Posted on May 23, 2018
You love your trusty old John Deere tractor through and through. You’ve shared some great times together and taken care of more chores than you ever thought possible. Recently though, you’ve started wondering if it’s time to let someone else experience that love. Maybe you moved to a new property or you’re looking to trade-in your old John Deere for a newer model. Or you inherited an old lawn tractor and aren’t sure what to do with it.
When you’re ready to hand over the keys, you want to make sure you’re getting a fair shake. We sat down with our used equipment experts for pro tips on trading and selling used lawn equipment, so you can maximize resale value on your used John Deere tractor or lawn mower. Here are the top four things you should do before selling your used equipment to a dealer or in a private sale.
First, the bad news: once a lawn mower or tractor has been used, a portion of its value is lost – just like when purchasing an automobile. Our used equipment experts explain how to hold your value as much as possible.
All things being equal, the more you paid for your new equipment, the more you can expect to sell it for. Larger, more expensive equipment (like a Compact Utility Tractor or commercial-grade Zero-Turn mowers) will retain significant value, assuming you’ve maintained it well and that it’s in good shape. Of course, how popular the category of your equipment is and how in-demand your particular model is will also play factors in determining its value.
For folks in the southeast, our Ag-Pro experts say that Compact Utility Tractors (tractors from 20 to 50 hp) and 5 Family or 5,000-series Utility Tractors (from 50 to 125 hp) retain the most resale value, followed by Zero Turn Mowers and 6,000 Series Utility Tractors for small-to-medium-Ag (from 105 to 135 hp). Due to the relatively low cost of new riding lawn equipment, lawn mowers tend to depreciate faster in comparison to equipment with more horsepower.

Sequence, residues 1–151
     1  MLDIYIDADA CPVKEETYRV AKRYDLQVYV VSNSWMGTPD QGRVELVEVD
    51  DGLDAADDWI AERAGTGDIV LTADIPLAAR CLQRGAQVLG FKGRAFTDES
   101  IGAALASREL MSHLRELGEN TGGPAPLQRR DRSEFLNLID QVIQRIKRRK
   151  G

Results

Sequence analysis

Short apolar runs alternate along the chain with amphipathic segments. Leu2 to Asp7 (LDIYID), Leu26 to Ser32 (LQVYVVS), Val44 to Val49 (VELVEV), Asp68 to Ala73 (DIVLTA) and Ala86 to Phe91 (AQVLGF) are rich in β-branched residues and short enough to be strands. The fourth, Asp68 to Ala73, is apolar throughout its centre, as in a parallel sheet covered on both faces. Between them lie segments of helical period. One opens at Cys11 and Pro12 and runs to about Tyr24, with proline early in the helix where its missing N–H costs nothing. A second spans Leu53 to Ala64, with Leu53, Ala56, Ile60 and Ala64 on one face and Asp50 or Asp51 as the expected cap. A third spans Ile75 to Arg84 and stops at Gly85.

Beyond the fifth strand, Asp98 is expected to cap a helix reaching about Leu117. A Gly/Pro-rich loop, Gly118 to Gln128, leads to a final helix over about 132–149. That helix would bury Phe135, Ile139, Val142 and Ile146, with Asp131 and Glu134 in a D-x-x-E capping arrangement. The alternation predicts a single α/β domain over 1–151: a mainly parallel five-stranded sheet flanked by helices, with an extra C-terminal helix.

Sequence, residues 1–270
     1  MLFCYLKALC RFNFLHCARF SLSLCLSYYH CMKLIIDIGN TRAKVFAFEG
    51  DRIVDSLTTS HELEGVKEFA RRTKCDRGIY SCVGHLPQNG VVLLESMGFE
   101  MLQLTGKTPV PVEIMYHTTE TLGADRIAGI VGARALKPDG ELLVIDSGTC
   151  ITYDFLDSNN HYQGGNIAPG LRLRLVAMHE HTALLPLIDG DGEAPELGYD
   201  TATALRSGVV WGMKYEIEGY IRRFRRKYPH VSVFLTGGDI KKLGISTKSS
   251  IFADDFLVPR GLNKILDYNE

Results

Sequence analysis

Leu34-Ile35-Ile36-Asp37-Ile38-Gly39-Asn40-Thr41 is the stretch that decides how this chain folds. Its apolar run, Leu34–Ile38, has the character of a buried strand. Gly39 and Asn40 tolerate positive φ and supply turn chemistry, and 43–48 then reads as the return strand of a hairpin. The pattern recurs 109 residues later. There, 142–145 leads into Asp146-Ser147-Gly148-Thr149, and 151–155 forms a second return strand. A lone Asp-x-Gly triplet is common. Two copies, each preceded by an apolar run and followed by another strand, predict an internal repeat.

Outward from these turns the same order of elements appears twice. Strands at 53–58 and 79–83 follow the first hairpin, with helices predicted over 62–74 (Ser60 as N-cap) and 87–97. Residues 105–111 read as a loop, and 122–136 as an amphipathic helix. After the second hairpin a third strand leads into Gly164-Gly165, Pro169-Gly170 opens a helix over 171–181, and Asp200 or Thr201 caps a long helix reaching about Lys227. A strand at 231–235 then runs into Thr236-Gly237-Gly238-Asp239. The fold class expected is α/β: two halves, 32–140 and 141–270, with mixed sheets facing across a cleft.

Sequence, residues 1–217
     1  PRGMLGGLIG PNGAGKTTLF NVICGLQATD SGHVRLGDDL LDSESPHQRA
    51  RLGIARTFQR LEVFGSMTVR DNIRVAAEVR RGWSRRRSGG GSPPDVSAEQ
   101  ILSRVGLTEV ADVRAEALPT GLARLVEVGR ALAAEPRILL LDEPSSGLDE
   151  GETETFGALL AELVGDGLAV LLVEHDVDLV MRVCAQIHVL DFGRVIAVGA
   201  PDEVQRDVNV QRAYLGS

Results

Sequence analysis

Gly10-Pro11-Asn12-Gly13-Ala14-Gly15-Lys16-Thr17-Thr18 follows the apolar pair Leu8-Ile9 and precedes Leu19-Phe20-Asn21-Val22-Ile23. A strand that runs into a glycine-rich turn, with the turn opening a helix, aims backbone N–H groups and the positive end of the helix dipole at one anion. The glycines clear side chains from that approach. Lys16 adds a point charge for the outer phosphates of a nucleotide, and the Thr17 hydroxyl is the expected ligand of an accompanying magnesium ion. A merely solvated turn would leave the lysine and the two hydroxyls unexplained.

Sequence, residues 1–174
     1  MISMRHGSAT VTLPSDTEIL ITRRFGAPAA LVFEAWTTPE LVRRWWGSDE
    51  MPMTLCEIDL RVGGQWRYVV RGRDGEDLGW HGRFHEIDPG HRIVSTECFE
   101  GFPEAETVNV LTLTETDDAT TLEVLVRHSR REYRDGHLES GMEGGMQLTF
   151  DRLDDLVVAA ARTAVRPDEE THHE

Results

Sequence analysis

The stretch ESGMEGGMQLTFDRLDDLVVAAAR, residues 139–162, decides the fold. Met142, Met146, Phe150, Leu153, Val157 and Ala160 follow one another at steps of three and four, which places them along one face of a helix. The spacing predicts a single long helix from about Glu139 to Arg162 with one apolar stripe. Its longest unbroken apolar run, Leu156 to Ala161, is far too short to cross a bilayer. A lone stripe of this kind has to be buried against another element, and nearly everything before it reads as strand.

Finally, as far as usage goes, equipment with 1,000 and 2,000 hours are key thresholds for determining asking price, so depending on how many hours you’ve logged on your John Deere, you may think about selling sooner rather than later.
To maximize resale value, you need to keep your Deere as “cherry” as possible. That means following the factory-recommended maintenance schedule and using original parts for anything that needs to get serviced or replaced. Always monitor and inspect your equipment at the end of your busy season to turn up any signs of wear and tear to address before they fester.
The Southeast is blessed with both heat and humidity, so our used equipment experts recommend keeping your tractors and lawn mowers in a shaded, cool, dry place between uses. And, not like we have to tell you, but if you live near the coasts in Alabama, Florida, Georgia or South Carolina, corrosive, salty air can really do a number, so wipe your Deere clean every time you power it down.
As a general rule, don’t let any dirt or debris sit on your equipment as those can erode the paint. Remember, the better your equipment looks (and runs), the more you’ll be able to sell it for.
In addition to following the factory-recommended service schedule and quickly repairing any issues, it’s equally important to keep thorough records of where you purchased parts, what maintenance you have done and any service history. Think of it as having a complete and up-to-date résumé for your equipment to show interested buyers.
If there were any warranty claims made on the tractor or lawn mower be sure to tell your complete story without leaving any worry to the buyer — whether that’s an authorized John Deere dealer or a private seller. All parties want to make sure they are making a smart investment.
Alright, it’s the moment of truth. When a potential buyer stops by, here’s how to impress them and close the deal:
While we’ll be happy for you to find your Deere a new home anywhere, we’re partial to our own process and believe you should at least consider selling or trading your used equipment to Ag-Pro. Here’s what to expect. Our experts will visit your property to inspect your used equipment. They’ll make sure everything is working properly, take a full diagnostic and take a look at your service and maintenance records. Then, we’ll look at comps to see the current market rate before quoting you a price. This all usually happens within 24 hours.
Even if you don’t end up selling or trading your John Deere with us, we’re more than happy to answer any questions and help you get your equipment in top condition so you can get top dollar.